Thursday, November 18, 2010


A PROGRAMME to provide daily meals for schoolchildren in communities within the Bonsaaso Millennium Villages Project (MVP) in the Amansie West District is making tremendous strides.
Known as the MVP school meals programme, it started on pilot basis in three schools in 2007 and now covers all the 27 primary schools in the Bonsaaso cluster with about 8,481 pupils benefiting from it.
The major objective of the MVP school meals programme is to support communities and schools to provide low cost, nutritious meals for pupils on sustainable basis with the view to improving enrolment and retention as well as the health of pupils.
Children are given meals provided by the MVP with support from the communities who provide inputs like firewood and water.
Besides, mothers of the schoolchildren occasionally cook the food free-of-charge for the pupils.
As a result of the success chalked up by the programme, the management of the Ghana School Feeding Programme (GFSP) has decided to model its activities along the lines of the MVP school meals programme.
Consequently, officials of the GSFP and the Ministry of Local Government and Rural Development have paid a day’s visit to the Amansie West District to get first hand information about the MVP programme.
The MVP school meals programme falls under the Millennium Development Goals 2 and 3, which aim at ensuring improved enrolment and retention of both boys and girls in schools in the cluster of villages, eliminate gender disparity in schools, and ensure quality education for all children.
Briefing his guests, the Cluster Manager of the Bonsaaso MVP, Mr Samuel Afram, said the World Food Programme had donated various food items to facilitate the operation of the school meals programme.
He stressed the importance of education in reducing poverty in the cluster and said every effort would be made to improve the school meals programme.
“Today many of the children are in the classrooms because of the school meals programme and everything must be done to sustain the programme even after the end of the MVP,” Mr Afram stated.
Started in 2006, the MVP is a bottom-up all comprehensive rural development initiative aimed at reducing poverty in the beneficiary communities. In Ghana, the MVP is located at Bonsaaso in the Amansie West District.
Partners of the MVP include the United Nations Development Programme (UNDP), Earth Institute at Columbia University, New York, Government of Japan and the Millennium Promise.
Mr Afram said school infrastructure in the Bonsaaso cluster had improved tremendously under the MVP. From an initial number of just 71 classrooms in good condition in 2006, the number increased to 99 in 2009.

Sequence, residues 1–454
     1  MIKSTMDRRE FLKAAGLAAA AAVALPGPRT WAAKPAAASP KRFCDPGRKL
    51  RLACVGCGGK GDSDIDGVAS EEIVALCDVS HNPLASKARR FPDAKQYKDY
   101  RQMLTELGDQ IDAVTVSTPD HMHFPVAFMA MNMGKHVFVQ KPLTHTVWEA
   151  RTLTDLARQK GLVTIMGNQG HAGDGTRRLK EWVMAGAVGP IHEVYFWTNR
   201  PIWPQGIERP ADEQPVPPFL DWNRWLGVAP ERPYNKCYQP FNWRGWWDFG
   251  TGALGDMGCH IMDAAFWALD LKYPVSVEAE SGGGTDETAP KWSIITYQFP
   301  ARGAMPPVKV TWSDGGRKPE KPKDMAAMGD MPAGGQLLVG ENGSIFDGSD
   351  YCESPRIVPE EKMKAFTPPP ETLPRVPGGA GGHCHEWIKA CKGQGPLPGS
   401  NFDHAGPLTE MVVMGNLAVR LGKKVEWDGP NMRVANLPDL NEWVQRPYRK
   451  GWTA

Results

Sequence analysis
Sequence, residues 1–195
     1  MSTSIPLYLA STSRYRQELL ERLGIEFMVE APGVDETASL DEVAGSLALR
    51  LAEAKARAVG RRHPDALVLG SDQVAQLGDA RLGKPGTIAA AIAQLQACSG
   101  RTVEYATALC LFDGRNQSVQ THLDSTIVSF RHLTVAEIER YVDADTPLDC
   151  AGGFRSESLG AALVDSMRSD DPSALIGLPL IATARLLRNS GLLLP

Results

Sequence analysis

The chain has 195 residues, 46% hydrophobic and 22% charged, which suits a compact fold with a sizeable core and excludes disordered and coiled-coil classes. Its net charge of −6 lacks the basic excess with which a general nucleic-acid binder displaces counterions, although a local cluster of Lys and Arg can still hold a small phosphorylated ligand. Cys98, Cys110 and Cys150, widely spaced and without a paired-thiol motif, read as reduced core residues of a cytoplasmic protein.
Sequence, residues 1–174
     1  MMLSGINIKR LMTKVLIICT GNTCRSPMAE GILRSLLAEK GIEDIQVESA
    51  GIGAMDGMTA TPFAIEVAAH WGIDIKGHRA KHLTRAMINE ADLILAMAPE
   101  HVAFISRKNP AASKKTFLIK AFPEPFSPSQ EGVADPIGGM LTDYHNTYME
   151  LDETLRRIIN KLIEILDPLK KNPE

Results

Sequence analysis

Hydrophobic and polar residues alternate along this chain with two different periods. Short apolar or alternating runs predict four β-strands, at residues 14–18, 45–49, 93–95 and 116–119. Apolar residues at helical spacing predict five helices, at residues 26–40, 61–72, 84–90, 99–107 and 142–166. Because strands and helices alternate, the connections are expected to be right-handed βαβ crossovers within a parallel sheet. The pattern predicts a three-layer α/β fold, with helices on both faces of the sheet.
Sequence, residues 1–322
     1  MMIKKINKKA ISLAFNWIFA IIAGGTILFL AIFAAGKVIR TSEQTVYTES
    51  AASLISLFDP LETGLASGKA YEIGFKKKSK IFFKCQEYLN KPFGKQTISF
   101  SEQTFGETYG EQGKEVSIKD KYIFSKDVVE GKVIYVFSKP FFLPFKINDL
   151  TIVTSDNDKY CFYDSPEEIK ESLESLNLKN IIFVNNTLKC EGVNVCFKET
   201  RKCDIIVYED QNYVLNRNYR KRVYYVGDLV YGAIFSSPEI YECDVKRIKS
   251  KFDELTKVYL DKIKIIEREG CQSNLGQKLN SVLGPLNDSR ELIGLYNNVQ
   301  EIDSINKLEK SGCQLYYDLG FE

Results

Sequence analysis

Trained teachers population has also appreciated from 17 to 75 while scholarships jumped from zero to 29 with support for teachers on training also increasing from zero to 29 within the same period.
Mr Afram further stated that CARE International, a non-governmental organisation (NGO) made a donation of 175 bicycles to some communities in the cluster, namely Bonsaaso, Apenimadi, Akyerekyerekrom, Adagya and Takorase to facilitate the movement of pupils who commute more than three kilometres to schools.
The National Co-ordinator of the GSFP, Mr S.P. Adamu, commended the management of the MVP for working hard to improve the school meals programme.
He stated that the programme would help develop agriculture in the area because the food items for the meals were purchased locally.
Mr Adamu said “I have seen that the GSFP can learn a lot from the MVP programme while the programme can also take something from us.”
He emphasised that the GSFP was not just to feed the people, but also to promote agricultural development.
Mr Adamu, however, said not much had been achieved in getting the best for farmers, stressing that efforts were being made to put things in order.
The Ashanti Regional Co-ordinating Director, Mr S.O. Kusi-Appiah, said the Regional Co-ordinating Council was making efforts to incorporate some of the best practices of the MVP in the development planning strategies of the metropolitan, municipal and district assemblies in the region.
He said poverty in the rural areas could be minimised with laudable programmes like the MVP school meals programme.
At various forums organised in the communities visited, the residents commended the cluster manager and his team for the wonderful work being done to get many children to school, and expressed the hope that the programme would be sustained.

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